Other types of multi-functional earth-moving equipment have been disclosed in the patent literature. For example, Larson (U.S. Pat. No. 5,456,028) shows a backhoe bucket having a single ripper attached to the same coupling element that secures the bucket to the end of a hydraulically powered boom. The result is concentration of the force provided by the boom to the ripper tip. Larson depicts various embodiments for coupling the ripper to the boom, but none are amenable to use with a “quick change” connector (tool coupler). Moreover, the pivotal mount of the ripper to the back of the bucket is susceptible to eventual stress failure. In Publication No. US 2003/0167661, Larson discloses an improvement in which the ripper is secured to a tool coupler to permit its use with a wide variety of interchangeable excavation tools.
Pratt (U.S. Pat. No. 6,490,815) shows an excavating bucket having a single ripping tooth or a pair of ripping teeth projecting rearwardly from the rear wall of the bucket. By virtue of this design the motion for functional operation of the ripper is opposite that of the bucket. In making a sweeping motion, the operator is able to alternatively break up hard material and scoop it up for removal.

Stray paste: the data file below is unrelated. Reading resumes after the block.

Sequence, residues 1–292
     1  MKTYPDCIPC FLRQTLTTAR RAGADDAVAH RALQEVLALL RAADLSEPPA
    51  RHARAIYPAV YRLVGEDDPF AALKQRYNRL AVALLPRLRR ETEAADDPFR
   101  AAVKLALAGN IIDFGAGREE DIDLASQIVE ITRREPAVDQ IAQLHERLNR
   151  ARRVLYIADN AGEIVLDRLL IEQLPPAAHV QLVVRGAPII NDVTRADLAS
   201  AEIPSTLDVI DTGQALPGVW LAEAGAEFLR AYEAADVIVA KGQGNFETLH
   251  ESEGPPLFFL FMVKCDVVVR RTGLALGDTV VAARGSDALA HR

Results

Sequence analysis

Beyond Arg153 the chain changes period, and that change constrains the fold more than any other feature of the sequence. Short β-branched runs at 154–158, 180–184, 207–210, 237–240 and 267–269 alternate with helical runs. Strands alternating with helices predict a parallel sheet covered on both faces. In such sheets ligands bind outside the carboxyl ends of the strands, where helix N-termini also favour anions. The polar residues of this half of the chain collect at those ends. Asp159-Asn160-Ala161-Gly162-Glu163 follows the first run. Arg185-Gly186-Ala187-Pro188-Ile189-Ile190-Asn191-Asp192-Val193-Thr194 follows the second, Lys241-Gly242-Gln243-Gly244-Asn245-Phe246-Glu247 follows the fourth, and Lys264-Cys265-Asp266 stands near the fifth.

We have now devised a combination grapple rake and subsoiler useful for multiple post-timber harvest management activities. In a preferred embodiment of the invention, a pair of downwardly-depending, forward-oriented subsoiling shanks is mounted on the underside of the rake. By virtue of this invention, a single implement can accomplish the tasks of (1) grapple piling to deal with post-timber harvest fuels reduction and (2) subsoiling to improve soil productivity by reducing soil compaction.